How to Deploy a Flask Web Server on Cloud Foundry

Published:14 March 2022 - 6 min. read

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Deploying a Flask web server has seemed overly stressful with lots of gotchas. But with Cloud Foundry, the process of deploying your application is simplified with just one push.

In this article, you’ll learn how to deploy a Flask application on Cloud Foundry. So save yourself the stress of writing infrastructure configurations while focusing on your code for your application.

Sounds interesting? Well, jump right in!


This tutorial will be a hands-on demonstration. If you’d like to follow along, be sure you have the following:

  • An Ubuntu machine – This tutorial uses Ubuntu 20.04, but other operating systems will work.
  • Python – This tutorial uses Python 3.8.10.

Setting up a Flask Server

Before deploying a Flask application, you’ll first need to set up a Flash server. You’ll build a small demo app to deploy later in this tutorial.

1. Run the following commands to create a directory for the project and set up a virtual environment.

# Create a new directory (FlaskAPI) and change the directory
mkdir FlaskAPI && cd FlaskAPI
# Create Virtual Env
python3 -m venv env
# Activate Virtual Env
. env/bin/activate

2. Next, run the pip command below to install flask. pip install flask

pip install flask

3. Create a file named app.js with your preferred text editor and add the following code snippet below.

The code below creates a Flask wish list app that adds and returns a user’s wish.

from flask import Flask, jsonify, request
import os

# Create an app instance from flask
app = Flask(__name__)

# Get port number from the environment varriable
port = os.getenv("PORT")

# Create an initial empty wish list
wishes = []

# Define a GET route
@app.route("/api/wish", methods=["GET"])
def getAllWish():
    #Retun all the wishes in the list
    return jsonify(wishes)

# Create A POST route
@app.route("/api/wish", methods=["POST"])
def addWish() -> dict:
    # Get the data from request body
    data = request.get_json()
    # Create a new wish object
    wishObj = {
        "id": len(wishes) + 1,
        "item": data["item"],
        "price": data['price']
    # Add the new wish to list
    # Return the list object
    return jsonify(wishObj)

4. Finally, add the code below at the bottom of the app.js file’s content.

The code below lets you modify your app to listen to the Cloud Foundry default port in production and port 500 in development. When you deploy an app on Cloud Foundry, a port is dynamically allocated for each app instance.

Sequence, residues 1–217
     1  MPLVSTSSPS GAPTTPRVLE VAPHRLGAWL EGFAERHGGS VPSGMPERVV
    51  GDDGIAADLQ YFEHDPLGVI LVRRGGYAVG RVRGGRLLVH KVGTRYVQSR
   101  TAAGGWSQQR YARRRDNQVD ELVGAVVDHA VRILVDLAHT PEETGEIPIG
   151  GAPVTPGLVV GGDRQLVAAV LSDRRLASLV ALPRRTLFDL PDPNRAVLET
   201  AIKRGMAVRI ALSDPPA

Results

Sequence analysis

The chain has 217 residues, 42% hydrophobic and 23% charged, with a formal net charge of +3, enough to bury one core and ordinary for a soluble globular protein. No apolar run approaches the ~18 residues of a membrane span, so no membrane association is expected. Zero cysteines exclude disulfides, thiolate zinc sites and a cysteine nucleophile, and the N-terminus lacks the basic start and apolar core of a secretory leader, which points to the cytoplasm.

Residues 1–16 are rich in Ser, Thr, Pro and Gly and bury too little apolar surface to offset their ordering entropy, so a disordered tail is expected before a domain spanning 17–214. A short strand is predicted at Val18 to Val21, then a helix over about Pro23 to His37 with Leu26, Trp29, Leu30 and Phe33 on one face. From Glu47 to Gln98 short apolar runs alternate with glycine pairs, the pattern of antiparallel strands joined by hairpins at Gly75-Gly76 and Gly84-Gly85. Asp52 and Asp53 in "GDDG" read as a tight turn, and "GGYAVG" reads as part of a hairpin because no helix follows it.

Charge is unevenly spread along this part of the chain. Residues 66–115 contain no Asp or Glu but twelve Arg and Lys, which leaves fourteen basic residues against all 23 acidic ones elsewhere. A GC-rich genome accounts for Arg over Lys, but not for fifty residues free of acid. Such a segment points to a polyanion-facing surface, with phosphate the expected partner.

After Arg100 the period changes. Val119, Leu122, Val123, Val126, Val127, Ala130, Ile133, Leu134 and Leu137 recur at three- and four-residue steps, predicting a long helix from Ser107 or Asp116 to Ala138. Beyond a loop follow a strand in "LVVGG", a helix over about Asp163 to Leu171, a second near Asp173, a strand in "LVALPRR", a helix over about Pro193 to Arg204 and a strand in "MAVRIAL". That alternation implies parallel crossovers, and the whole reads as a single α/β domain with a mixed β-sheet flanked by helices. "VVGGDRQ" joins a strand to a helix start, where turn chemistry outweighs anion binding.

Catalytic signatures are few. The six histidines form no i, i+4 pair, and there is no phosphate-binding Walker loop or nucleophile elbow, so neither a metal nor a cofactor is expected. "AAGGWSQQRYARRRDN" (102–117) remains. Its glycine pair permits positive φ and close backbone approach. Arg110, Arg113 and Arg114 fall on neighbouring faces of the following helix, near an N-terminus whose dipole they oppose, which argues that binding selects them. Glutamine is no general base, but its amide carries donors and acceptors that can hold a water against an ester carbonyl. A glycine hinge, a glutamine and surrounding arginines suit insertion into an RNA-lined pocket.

if __name__ == '__main__':
  # If the app is running locally
	if port is None:
    # Use port 5000'', port=5000, debug=True)
    # Else use cloud foundry default port'', port=int(port), debug=False)

Deploying the Flask Web Server

With your Flask application set up, you’re ready to deploy the application. Well, almost. You still need to configure the deployment setup and allocate resources to your application.

1. Run the pip freeze command below to get the dependencies to install for your application and write the result in a requirements.txt file. The requirements.txt file is a configuration file handy for installing packages in bulk.

pip freeze > requirements.txt

After running the command, Python creates a requirements.txt file in the project root directory with all dependencies documented like in the screenshot below:

Creating a text file for a list of app dependencies
Creating a text file for a list of app dependencies

2. Next, create a runtime.txt file in the ~/FlaskAPI directory, and add your Python version like the one below. But for this demo, Python version 3.8.11 is set.

python-3.8.11web: python3 -m flask run --host= --port=$POR

3. Create a vars.yml file in your project root directory, and populate the file with the attributes below.

memory: 128MB       # Sets memory limit of the app
disk_quota: 256MB   # Allocates disk space to the app
random-route: true  # Generate route based on the app name

4. Next, create a manifest.yml file in the project root directory (~/FlaskAPI), and add the following configurations to the file.

The below configuration allocates resources to your application by referencing variables from the vars.yml file.

You can ignore the resource allocation step if Cloud Foundry doesn’t find a manifest.yml file. Cloud Foundry allocates memory for the application depending on the project size.